Regression/Eradication of gliomas in mice by a systemically-deliverable ATF5 dominant-negative peptide
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Charles C. Cates1,4, Angelo D. Arias1,5, Lynn S. Nakayama Wong1, Michael W. Lamé1, Maxim Sidorov1, Geraldine Cayanan1, Douglas J. Rowland2, Jennifer Fung2, Georg Karpel-Massler3, Markus D. Siegelin3, Lloyd A. Greene3 and James M. Angelastro1
1 Department of Molecular Biosciences, University of California, Davis School of Veterinary Medicine, Davis, CA, USA
2 Center for Molecular Genomic Imaging, Davis, CA, USA
3 Department of Pathology and Cell Biology, Columbia University, New York, NY, USA
4 Cedars-Sinai Medical Center, Los Angeles, CA, USA
5 Moores-UCSD Cancer Center, La Jolla, CA, USA
James M. Angelastro, email:
Keywords: cell penetrating peptide, ATF5, d/n- ATF5, apoptosis, brain cancer
Received: December 08, 2015 Accepted: January 26, 2016 Published: February 05, 2016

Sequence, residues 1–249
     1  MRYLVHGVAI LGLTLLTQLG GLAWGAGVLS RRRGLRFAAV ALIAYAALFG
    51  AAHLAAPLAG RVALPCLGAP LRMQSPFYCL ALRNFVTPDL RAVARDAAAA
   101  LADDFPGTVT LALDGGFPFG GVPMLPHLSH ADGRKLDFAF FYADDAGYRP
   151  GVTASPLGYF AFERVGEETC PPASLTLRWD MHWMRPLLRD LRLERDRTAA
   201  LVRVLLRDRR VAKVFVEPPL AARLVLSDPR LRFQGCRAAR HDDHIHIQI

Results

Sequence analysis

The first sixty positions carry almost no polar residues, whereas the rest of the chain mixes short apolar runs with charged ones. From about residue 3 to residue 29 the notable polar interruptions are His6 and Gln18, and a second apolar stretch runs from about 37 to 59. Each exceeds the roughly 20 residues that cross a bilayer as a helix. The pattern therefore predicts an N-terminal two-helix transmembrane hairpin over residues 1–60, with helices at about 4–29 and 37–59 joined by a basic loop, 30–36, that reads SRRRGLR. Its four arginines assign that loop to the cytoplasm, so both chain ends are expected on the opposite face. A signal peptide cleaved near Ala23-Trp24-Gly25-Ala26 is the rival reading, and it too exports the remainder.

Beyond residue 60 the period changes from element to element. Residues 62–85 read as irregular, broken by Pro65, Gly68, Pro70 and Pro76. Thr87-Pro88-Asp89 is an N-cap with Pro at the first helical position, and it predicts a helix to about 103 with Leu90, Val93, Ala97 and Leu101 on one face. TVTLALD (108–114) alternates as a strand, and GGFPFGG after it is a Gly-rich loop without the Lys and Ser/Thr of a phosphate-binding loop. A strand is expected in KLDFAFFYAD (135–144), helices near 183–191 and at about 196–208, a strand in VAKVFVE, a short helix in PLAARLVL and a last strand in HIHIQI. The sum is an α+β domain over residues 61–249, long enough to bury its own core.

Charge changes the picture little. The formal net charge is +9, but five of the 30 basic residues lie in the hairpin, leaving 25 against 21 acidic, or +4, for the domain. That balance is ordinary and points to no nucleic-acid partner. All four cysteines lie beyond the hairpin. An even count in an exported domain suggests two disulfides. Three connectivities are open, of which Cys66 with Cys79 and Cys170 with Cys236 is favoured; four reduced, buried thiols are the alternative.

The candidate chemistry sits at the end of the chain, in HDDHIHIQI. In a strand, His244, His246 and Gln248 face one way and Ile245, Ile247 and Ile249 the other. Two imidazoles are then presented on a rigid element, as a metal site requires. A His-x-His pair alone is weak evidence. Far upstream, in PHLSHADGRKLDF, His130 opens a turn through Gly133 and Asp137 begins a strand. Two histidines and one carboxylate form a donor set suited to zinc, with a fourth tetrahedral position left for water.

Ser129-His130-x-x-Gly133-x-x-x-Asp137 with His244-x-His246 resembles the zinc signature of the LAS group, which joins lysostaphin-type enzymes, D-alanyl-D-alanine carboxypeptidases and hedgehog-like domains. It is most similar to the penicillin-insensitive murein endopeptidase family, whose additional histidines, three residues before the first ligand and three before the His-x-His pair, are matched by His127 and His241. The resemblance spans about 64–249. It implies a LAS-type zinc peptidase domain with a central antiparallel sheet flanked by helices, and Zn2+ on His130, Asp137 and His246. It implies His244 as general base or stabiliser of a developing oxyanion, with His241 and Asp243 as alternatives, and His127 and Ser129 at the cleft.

Malignant gliomas have poor prognosis and urgently require new therapies. Activating Transcription Factor 5 (ATF5) is highly expressed in gliomas, and interference with its expression/function precipitates targeted glioma cell apoptosis in vitro and in vivo. We designed a novel deliverable truncated-dominant-negative (d/n) form of ATF5 fused to a cell-penetrating domain (Pen-d/n-ATF5-RP) that can be intraperitoneally/subcutaneously administered to mice harboring malignant gliomas generated; (1) by PDGF-B/sh-p53 retroviral transformation of endogenous neural progenitor cells; and (2) by human U87-MG xenografts. In vitro Pen-d/n-ATF5-RP entered into glioma cells and triggered massive apoptosis. In vivo, subcutaneously-administered Pen-d/n-ATF5-RP passed the blood brain barrier, entered normal brain and tumor cells, and then caused rapid selective tumor cell death. MRI verified elimination of retrovirus-induced gliomas within 8-21 days. Histopathology revealed growth-suppression of intracerebral human U87-MG cells xenografts. For endogenous PDGF-B gliomas, there was no recurrence or mortality at 6-12 months versus 66% mortality in controls at 6 months. Necropsy and liver-kidney blood enzyme analysis revealed no adverse effects on brain or other tissues. Our findings thus identify Pen-d/n-ATF5-RP as a potential therapy for malignant gliomas.
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